Over 1,500 Infections Projected in Itwari Chowk Red Light

Study by Academicians from Yale School of Medicine and Harvard Medical School

Nagpur: A model built by experts projects there could be 1,667 cases, 236 hospitalizations, and 56 deaths in the Itwari Chowk Red Light Area over the next one year if it reopens. The model was developed at Harvard Medical School and the Yale School of Medicine. Further, the model projects that many of these cases and deaths could be prevented by the peak of the epidemic by keeping the red light area closed.

If the Itwari Chowk red light area reopens, customers infected by sex workers can spread the infection across the city causing a surge in cases. Nagpur could face over 47 times more hospitalizations and 45 times more deaths in the first 120 days after lockdown if the red light area reopened. This could push Nagpur over peak medical capacity sooner. Fewer sick people would be able to receive treatment causing an increase in preventable deaths. More information on the health risks caused by the Nagpur red light area can be found at CodeRedCOVID.org.

Sex workers in Nagpur are trying to reopen the Itwari Chowk red light area. They are claiming to have adopted an SOP which prevents the disease spread during sex work, but this will not help. Dr. Sahayakan, a member of Code Red COVID, a global coalition of doctors and researchers that is advising governments on how to prevent COVID-19 spread stated, “None of the protection measures like distancing, masks, or sanitising can effectively stop COVID-19 transmission during sex work. Sex work cannot be safely practiced in red light areas in India given their nature. It can result in many cases and deaths in sex workers and citizens”.

Maharashtra’s red light areas will be some of the worst affected hotspots if reopened. In Pune’s Budhwar Peth, the model projects 4,795 cumulative cases, 688 hospitalizations, and 162 deaths. In Mumbai’s Kamathipura, Grant Road, and Faulkland Road Red Light Area, 3,494 cases, 486 hospitalizations, and 114 deaths.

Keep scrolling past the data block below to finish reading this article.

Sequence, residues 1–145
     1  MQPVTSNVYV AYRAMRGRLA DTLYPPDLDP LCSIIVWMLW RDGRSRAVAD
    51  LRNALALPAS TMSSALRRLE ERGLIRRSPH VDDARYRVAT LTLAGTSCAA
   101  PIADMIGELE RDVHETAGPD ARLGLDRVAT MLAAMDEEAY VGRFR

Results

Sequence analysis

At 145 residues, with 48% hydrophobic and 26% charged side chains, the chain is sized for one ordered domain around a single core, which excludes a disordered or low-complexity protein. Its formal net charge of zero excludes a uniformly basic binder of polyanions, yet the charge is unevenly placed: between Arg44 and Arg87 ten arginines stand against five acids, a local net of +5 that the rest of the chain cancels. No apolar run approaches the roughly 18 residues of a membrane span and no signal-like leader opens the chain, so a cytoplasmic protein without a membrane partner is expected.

Commenting on the report, co-author, Dr. Sudhakar Nuti, Harvard Medical School, said “The Indian government has implemented smart and effective measures to flatten the curve, but it is unlikely for the pandemic to be resolved until there is a vaccine. It is therefore important that the red light area in Nagpur remains closed until a vaccine is developed and widely distributed to protect sex workers and the population at large.” Government restrictions on this part of the informal economy have not been outlined in COVID-19 directives, but a sex worker in Mumbai was quoted in a media story stating “There will be no business in Kamathipura for at least next two years. We can only return when there’s a COVID-19 vaccine.”

The study recommends that sex workers need opportunities to gain skills that provide employment in lower-risk jobs. Recent media reports have shown that some sex workers have begun exploring alternative employment options. In Andhra Pradesh, a collective has asked for an exit strategy for sex workers including “transitional housing, bank loans, and alternate employment”. The efforts to keep Nagpur’s red light area closed and help sex workers find lower risk jobs would save many lives.

About the Study

The study ‘Modelling the Effect of Continued Closure of Red-Light Areas on COVID-19 Transmission in India’ was conducted by Abhishek Pandey, Pratha Sah, Chad Wells, Alison P. Galvani at the Center for Infectious Disease Modeling & Analysis, Yale University, Sudhakar V. Nuti at Department of Medicine, Massachusetts General Hospital and Harvard Medical School, and Jeffrey P. Townsend, Department of Biostatistics, Yale School of Public Health.